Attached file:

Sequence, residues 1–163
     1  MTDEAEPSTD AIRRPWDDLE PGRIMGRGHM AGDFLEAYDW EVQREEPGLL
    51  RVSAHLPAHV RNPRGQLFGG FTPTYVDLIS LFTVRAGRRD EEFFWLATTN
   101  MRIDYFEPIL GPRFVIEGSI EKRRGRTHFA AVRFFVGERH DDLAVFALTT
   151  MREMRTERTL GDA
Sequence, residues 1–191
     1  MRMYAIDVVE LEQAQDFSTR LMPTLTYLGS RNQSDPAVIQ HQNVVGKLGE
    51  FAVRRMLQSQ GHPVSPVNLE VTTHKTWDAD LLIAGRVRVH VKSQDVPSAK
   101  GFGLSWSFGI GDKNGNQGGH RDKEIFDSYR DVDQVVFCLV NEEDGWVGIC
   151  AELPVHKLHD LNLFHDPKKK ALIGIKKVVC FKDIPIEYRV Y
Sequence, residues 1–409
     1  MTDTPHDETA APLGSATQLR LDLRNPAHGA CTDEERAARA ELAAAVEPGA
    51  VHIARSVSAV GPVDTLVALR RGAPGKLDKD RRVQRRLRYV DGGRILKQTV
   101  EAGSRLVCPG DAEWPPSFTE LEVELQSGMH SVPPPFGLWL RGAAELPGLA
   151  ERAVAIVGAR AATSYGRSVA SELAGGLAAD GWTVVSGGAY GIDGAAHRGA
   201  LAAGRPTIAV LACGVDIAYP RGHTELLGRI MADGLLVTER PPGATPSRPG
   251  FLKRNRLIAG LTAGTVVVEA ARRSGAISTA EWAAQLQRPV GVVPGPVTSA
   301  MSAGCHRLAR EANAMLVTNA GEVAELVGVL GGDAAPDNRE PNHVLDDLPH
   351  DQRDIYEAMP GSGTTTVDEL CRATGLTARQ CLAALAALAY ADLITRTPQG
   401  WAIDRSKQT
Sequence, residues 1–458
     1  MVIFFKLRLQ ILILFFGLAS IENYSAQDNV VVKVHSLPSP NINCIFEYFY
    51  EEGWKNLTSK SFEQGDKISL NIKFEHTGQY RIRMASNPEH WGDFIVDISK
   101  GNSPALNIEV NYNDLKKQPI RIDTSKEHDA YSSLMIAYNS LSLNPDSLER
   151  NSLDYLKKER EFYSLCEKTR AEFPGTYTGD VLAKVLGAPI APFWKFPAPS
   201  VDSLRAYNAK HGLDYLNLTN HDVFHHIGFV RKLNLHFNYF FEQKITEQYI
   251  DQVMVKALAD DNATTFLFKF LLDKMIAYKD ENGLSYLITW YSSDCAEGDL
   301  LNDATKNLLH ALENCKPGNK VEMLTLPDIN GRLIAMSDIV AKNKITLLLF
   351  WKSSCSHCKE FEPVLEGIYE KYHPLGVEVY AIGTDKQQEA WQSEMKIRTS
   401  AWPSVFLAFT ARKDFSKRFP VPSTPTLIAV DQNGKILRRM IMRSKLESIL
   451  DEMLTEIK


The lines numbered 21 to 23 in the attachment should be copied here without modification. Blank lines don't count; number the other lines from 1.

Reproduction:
Sequence, residues 1–458
     1  MVIFFKLRLQ ILILFFGLAS IENYSAQDNV VVKVHSLPSP NINCIFEYFY
    51  EEGWKNLTSK SFEQGDKISL NIKFEHTGQY RIRMASNPEH WGDFIVDISK